No time of the year is more intimidating than tax time, especially if you’re self-employed. You need to remember all your tax deductions to avoid overpaying taxes, which is a job in itself.
If you track your expenses throughout the year, however, you can save yourself plenty of work when tax season rolls around. Here’s a cheat sheet to the most common expenses you may be able to write off – and some you can’t – when you’re self-employed.
This article is intended to help self-employed individuals with an LLC or a sole proprietorship in California, but some of these write offs may apply to other business entities. Consult with a tax professional if you’re unsure.
Expenses You Can Write Off
With self-employment deductions, there are several categories you can maximize for your deduction. Here are some of the standard deductions:
- Self-Employment Tax Deductions: Retirement, Medicare and Social Security taxes, health insurance
- Home Office Deductions: Rent or mortgage payments, utility bills, repairs, and insurance premiums for your office space
- Business Insurance: General liability, workers’ compensation, commercial auto coverage
- Business Vehicle Expenses: Maintenance and fuel costs, lease payments
- Depreciation: The value of business machinery or equipment that depreciated over time
- Business-Related Meals: Meals with business associates or clients
- Office and Supply Expenses: Pens, pencils, paper, postage fees
- Business Travel: Travel expenses to attend client meetings, conferences, etc.
- Professional Fees: Legal or accounting fees, such as for real estate accounting
- Business Software: Accounting, automation, customer relationship management
- Education Costs: Continuing education, seminars, or coaching
- Taxes and Licensing: Taxes or licensing fees to run your business
- Commissions: Commissions paid to agents or third-party vendors
- Contractor Labor: Costs associated with contractors or freelancers
- Qualified Business Income: Rental, trade, or business income
- Phone and Internet Bills: Bills for these services specifically related to your business
- Bad Debt: Any debts your business incurs that’s uncollected
- Charitable Contributions: Donations to charities or nonprofits
What You Can’t Write Off
Contrary to popular belief, you can’t write off just any expense that you have for your business or work. Here are some expenses that aren’t typically deductible:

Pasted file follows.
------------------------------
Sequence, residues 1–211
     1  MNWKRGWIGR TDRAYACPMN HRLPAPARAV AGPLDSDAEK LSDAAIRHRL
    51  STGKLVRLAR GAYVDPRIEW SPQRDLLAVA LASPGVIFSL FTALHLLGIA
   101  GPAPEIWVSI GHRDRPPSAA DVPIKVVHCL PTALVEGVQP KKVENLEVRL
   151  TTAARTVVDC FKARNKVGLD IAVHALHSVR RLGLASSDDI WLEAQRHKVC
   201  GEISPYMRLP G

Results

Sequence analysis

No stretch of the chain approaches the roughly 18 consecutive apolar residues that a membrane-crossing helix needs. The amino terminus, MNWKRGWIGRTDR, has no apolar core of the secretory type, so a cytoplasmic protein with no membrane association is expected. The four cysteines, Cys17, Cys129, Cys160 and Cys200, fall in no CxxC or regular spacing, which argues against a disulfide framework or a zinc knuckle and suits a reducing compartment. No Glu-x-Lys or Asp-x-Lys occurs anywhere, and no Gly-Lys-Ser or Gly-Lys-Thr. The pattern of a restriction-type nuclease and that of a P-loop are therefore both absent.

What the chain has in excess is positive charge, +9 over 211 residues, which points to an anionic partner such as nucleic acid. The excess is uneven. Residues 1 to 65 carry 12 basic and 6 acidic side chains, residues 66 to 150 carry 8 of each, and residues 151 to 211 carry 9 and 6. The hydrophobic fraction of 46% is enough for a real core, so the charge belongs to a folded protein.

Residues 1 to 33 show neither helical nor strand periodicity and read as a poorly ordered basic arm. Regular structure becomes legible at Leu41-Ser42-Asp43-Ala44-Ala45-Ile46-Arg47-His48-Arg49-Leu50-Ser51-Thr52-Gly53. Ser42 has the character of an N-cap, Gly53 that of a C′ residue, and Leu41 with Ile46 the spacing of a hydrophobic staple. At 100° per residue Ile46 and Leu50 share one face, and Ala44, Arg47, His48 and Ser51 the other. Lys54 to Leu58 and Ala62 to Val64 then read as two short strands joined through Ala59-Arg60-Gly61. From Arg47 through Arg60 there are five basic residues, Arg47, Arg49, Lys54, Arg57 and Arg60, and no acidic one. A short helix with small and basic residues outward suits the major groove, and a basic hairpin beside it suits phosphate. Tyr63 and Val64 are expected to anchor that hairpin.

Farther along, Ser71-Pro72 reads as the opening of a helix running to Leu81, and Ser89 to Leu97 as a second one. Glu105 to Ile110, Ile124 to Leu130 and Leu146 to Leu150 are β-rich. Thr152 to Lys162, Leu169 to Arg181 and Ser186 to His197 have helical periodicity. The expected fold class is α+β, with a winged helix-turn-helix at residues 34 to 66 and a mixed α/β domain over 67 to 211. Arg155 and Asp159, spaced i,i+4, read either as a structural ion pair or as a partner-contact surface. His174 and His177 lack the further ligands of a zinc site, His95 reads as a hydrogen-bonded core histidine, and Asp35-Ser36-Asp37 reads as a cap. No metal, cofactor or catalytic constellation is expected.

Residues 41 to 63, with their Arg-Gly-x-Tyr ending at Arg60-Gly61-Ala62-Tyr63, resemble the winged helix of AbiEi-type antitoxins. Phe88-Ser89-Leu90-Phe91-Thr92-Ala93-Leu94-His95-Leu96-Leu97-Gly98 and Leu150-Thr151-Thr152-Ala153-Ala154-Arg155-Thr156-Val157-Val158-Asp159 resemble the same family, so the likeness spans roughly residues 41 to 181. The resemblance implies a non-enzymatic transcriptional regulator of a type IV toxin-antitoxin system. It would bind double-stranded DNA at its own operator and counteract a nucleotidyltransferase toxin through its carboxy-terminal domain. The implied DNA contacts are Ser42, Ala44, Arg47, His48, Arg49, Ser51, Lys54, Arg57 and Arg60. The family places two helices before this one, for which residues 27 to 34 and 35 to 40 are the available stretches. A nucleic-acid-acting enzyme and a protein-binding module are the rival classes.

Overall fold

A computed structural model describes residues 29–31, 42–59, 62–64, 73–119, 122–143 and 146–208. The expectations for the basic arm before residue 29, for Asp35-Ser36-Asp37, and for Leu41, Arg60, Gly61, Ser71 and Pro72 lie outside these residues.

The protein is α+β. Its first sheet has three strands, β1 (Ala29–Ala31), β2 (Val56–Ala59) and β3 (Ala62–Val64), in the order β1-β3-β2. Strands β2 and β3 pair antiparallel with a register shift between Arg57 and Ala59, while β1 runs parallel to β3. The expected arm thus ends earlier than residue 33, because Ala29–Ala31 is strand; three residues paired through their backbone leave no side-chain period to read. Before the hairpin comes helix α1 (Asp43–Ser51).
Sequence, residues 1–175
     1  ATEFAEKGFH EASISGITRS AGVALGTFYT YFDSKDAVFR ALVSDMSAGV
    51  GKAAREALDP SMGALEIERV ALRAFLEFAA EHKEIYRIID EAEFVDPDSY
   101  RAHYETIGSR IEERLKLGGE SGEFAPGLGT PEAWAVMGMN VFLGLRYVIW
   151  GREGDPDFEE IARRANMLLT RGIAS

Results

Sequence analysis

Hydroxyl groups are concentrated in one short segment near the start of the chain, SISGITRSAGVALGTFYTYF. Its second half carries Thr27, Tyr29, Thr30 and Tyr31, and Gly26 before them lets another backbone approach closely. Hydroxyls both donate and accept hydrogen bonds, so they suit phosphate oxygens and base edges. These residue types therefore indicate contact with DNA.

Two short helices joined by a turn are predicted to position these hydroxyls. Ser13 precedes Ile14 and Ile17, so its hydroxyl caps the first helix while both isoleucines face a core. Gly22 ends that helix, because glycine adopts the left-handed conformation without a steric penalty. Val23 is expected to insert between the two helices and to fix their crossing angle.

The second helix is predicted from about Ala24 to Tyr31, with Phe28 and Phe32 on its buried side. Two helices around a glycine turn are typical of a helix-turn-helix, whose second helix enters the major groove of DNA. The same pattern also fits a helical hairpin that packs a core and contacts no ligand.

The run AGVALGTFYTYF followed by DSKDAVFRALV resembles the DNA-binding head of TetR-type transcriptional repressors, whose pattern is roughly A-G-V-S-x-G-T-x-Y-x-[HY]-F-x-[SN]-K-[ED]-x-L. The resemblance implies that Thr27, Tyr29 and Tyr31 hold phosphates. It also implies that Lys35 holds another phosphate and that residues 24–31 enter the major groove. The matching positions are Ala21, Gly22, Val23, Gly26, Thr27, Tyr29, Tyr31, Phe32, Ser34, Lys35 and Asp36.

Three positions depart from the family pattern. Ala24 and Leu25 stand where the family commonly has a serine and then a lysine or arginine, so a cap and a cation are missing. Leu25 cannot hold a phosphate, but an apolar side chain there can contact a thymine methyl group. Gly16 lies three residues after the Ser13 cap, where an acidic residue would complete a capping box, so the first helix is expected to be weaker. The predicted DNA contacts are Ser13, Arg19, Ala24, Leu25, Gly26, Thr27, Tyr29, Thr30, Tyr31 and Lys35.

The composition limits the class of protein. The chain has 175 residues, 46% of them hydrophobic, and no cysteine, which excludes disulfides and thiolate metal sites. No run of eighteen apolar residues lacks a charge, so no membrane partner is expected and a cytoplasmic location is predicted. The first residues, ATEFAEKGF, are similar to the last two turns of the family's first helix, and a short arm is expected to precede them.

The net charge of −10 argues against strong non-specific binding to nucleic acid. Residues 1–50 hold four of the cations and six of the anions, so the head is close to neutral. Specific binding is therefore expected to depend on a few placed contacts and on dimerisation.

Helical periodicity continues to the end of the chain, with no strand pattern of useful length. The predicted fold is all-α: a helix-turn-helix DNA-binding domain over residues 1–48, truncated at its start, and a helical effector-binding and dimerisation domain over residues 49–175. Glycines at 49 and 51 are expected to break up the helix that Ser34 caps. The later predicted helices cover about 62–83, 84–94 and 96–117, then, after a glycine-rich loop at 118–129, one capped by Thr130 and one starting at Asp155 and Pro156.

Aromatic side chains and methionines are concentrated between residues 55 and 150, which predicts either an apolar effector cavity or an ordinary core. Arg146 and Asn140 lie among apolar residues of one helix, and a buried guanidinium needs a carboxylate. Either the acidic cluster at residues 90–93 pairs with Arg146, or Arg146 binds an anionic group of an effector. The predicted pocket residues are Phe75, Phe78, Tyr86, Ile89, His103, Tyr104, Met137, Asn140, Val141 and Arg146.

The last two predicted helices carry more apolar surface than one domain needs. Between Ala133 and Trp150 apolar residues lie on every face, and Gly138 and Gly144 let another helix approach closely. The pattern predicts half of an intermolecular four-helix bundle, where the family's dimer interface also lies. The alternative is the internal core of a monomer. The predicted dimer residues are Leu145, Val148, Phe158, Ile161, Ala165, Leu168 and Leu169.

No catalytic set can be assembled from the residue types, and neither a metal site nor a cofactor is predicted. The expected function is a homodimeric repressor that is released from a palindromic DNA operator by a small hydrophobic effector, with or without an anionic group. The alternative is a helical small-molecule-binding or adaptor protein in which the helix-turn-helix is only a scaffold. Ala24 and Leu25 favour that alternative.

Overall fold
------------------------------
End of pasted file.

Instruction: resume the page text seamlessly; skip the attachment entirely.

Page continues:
- Groceries: These are considered a personal expense in most cases
- Cost of Clothing: Unless it’s required for work, this is considered personal use
- Federal Income Taxes: These taxes aren’t included in the other taxes that are deductible
- Monetary Value of Volunteer Work: The time you spend volunteering is not deductible
- Personal Phones: Phones used strictly for personal purposes are not deductible
- Pet Expenses: Vet bills, food, or professional services are not deductible unless your pet provides a service for your business
How to Prepare for Your Tax Season
The best way to maximize your deductions is by tracking your expenses throughout the year and ensuring that you don’t have any errors. Her are some tips to prepare for your tax season:
- Keep receipts and invoices to track your payments and dates
- Retain copies of bank statements to validate cash flow and assess total income
- Keep canceled checks to provide proof of payment for business expenses
- Make copies of credit card receipts and statements as proof of payments
- Track mortgage and loan documents to verify your business-related payments
- Keep interest statements to show revenue from interest-bearing accounts
Maximize Your Deductions at Tax Time
Expenses are a great way to reduce your taxable income, but many self-employed individuals are too afraid of their taxes to include all their deductions. Prepare for tax time during the year, learn your available deductions, and avoid overpaying on your taxes.
Shahar is a tax and accounting expert with over 20 years of experience in the field. He is an entrepreneur and known as The Tax Guru on the west coast. Shahar moved to Seattle from Israel and founded, scaled, and sold a leading tax and accounting firm in the Seattle Metro area. Over the years, he served thousands of business owners and perfected the playbook for self-employed tax strategy. That’s why he founded Formations, to make sure the self-employed never overpay on taxes again.